Look north and you can see Syria. Look to the left and you see Hermel, Hezbollah’s local command and control. To the right is the Sunni enclave around Arsal. You could walk from one community to another in an hour or so. The Lebanese customs gate is just a ten minute drive from the pyramid.
How long can the people who live in this area continue to shoot at each other on only one side of an arbitrary line in the valley?
I hardly saw any Hezbollah flags. The Syrian-Iranian proxy militia is all but invisible. But it’s still clear who lives in the area and who they support. Billboards on the side of the road feature Bashar al-Assad wearing sunglasses and military fatigues. Iran’s dead tyrant Ayatollah Khomeini makes several appearances, as do Iran’s current rulers Ayatollah Khamenei and Mahmoud Ahmadinejad. I saw a couple of Iranian flags, but hardly any Lebanese flags. You could be forgiven for thinking you were somewhere in Iran if you didn’t know better.
The Lebanese Army mans a few checkpoints in the area, but the checkpoints aren’t serious. They are pure security theater. I was waved through with hardly a glance and without even stopping the car. To be sure, I didn’t look even remotely like a Free Syrian Army guy or a Hezbollah member in my little rented Renault, but still. A serious army on the razor’s edge of a war zone should at least pretend to be interested in who is coming or going, but Lebanon’s isn’t. The border area is exposed and wide open. Just about anything could come out of the Syrian crucible and into Lebanon without meeting any resistance at all. Just yesterday artillery shells from the Syrian army landed in Lebanon’s Akkar region, a few dozen miles to the northwest. The Lebanese Army has done nothing about it and will continue doing nothing about it.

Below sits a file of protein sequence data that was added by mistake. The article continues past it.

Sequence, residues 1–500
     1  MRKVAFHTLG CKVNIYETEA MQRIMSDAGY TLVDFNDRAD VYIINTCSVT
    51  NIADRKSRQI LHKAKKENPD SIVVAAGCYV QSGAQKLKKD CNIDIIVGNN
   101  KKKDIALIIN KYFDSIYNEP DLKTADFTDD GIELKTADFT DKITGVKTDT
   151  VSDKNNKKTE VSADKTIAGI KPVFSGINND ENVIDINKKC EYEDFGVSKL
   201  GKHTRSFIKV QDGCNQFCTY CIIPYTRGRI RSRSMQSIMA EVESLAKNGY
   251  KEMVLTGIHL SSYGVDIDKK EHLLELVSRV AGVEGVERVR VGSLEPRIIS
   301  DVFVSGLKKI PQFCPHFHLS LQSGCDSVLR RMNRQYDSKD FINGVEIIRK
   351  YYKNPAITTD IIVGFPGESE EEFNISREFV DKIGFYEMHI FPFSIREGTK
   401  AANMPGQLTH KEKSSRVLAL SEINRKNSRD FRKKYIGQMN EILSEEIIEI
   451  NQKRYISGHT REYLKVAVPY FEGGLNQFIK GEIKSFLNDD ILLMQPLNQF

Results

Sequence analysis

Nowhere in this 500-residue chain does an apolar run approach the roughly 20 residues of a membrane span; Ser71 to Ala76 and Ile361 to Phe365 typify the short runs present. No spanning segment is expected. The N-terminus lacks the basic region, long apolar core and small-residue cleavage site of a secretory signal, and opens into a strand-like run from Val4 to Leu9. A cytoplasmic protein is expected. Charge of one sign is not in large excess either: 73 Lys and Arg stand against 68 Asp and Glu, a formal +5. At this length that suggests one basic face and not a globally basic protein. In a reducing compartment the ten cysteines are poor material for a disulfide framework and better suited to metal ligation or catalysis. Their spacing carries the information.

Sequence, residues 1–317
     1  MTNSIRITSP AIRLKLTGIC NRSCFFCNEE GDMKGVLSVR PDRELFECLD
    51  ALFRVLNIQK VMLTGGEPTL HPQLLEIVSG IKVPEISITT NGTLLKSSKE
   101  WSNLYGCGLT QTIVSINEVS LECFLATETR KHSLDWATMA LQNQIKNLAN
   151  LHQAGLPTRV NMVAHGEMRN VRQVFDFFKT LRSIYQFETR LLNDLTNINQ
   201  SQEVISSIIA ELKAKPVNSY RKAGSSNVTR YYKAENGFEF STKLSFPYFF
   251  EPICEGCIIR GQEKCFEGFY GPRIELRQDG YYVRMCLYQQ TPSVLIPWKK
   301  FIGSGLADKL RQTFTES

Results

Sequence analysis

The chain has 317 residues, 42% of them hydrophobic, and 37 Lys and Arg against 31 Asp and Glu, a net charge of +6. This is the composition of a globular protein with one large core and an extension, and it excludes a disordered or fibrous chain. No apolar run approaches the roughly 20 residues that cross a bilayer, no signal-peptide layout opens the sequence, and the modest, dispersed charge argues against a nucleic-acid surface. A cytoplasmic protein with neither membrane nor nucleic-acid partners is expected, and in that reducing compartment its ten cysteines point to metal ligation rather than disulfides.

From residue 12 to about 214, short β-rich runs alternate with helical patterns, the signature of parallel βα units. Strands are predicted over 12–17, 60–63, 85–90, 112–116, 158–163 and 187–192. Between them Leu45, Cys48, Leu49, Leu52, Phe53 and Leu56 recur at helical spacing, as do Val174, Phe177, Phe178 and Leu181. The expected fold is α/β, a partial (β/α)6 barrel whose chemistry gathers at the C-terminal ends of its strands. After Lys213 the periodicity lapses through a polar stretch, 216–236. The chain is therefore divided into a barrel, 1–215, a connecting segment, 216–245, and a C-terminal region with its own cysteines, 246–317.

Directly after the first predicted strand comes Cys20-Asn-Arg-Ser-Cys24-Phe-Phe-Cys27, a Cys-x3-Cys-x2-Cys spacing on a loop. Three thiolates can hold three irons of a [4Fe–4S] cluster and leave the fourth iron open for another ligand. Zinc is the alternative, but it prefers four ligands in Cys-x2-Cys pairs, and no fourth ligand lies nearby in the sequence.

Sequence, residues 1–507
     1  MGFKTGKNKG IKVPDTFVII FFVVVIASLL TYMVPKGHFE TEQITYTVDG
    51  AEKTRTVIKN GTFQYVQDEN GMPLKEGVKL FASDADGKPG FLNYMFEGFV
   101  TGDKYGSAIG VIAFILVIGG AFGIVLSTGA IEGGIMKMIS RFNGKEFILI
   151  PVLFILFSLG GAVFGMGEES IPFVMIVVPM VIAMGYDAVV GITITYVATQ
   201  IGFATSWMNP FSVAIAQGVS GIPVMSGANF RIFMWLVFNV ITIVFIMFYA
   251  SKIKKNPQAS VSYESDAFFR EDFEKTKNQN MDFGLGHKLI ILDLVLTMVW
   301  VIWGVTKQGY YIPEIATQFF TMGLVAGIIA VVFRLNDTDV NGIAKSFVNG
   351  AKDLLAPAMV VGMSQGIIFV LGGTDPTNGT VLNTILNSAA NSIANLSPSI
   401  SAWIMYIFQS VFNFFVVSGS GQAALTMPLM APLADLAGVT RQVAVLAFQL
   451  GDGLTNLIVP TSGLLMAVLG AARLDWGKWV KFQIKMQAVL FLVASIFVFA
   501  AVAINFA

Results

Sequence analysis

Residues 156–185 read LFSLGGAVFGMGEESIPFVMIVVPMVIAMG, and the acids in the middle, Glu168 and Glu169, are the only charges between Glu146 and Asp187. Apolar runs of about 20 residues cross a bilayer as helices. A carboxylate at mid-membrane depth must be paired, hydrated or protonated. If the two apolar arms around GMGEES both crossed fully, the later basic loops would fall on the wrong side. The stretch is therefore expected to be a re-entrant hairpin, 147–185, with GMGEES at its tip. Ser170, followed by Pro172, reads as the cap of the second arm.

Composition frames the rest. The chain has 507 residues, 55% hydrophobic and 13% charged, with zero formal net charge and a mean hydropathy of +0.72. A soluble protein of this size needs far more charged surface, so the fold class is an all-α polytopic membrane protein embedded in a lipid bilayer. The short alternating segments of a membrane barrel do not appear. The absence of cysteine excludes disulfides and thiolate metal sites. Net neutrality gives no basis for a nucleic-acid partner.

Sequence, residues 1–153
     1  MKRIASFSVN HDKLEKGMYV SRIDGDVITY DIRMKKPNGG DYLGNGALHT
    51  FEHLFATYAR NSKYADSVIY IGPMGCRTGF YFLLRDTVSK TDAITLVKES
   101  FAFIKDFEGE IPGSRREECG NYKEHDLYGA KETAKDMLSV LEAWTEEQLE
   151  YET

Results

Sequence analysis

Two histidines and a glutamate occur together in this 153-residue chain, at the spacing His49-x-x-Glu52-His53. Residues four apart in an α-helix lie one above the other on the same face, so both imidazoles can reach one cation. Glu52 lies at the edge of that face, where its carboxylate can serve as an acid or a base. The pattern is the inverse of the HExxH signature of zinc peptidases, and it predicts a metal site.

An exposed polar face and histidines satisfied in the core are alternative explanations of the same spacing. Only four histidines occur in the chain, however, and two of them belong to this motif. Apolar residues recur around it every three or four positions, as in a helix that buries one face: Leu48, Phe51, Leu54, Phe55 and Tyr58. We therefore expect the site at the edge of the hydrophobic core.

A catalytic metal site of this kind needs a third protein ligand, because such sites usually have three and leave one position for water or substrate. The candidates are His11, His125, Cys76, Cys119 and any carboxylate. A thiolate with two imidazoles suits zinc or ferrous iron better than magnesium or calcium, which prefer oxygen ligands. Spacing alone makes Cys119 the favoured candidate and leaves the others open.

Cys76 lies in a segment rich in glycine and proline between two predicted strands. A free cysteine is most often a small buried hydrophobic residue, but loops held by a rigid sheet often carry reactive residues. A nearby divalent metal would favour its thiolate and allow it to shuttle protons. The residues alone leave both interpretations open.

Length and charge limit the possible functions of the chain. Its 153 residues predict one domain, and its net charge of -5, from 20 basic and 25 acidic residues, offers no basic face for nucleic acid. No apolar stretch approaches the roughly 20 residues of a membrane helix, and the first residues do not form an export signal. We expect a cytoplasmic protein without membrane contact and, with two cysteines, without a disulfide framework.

I met with Samy Gemayel, a current member of parliament and the son of former President Amine Gemayel. “It’s a miracle a war here hasn’t already started,” he said. “I don’t understand it. And I don’t know how long this can last.”
“Neither side is interested in fighting in Lebanon,” said Michael Young, the opinion page editor at Beirut’s Daily Star. No doubt that’s true—otherwise a war would have started. Or, more accurately, the war would have expanded. But we’re only one miscalculation, one tragic misunderstanding, or one hot-headed overreaction away.
“The country is on the brink of collapse,” said Hanin Ghaddar, NOW Lebanon’s managing editor. “It has been on the brink of collapse my entire life.” Indeed, the country has collapsed repeatedly during her life and mine.
It always rebounds. As someone once put it, Beirut is a city that always seems to be “back.” The reason it’s always “back” is because it keeps going down.
Syria has been exporting violence for decades. The regime in Damascus has exported terrorism to every single one of its neighbors. Now it’s sucking them in. Iran is involved. Lebanon is involved. The Saudis and the Qataris are involved. Even Iraq is involved. Your guess is as good as mine how much longer Turkey, the U.S., and Israel can stay out.
MICHAEL J. TOTTEN is a contributing editor for World Affairs who has reported from the Middle East, the Balkans, and the former Soviet Union. He is the author of The Road to Fatima Gate, which won the Washington Institute Silver Book Prize in 2011, In the Wake of the Surge, Where The West Ends, and Taken, a novel. His work has also appeared in the New York Times, Wall Street Journal, New Republic, City Journal, Reason, and numerous other publications. He lives in Oregon and is a former resident of Beirut. Contact him at firstname.lastname@example.org.
P.O. Box 312
Portland, OR 97207-0312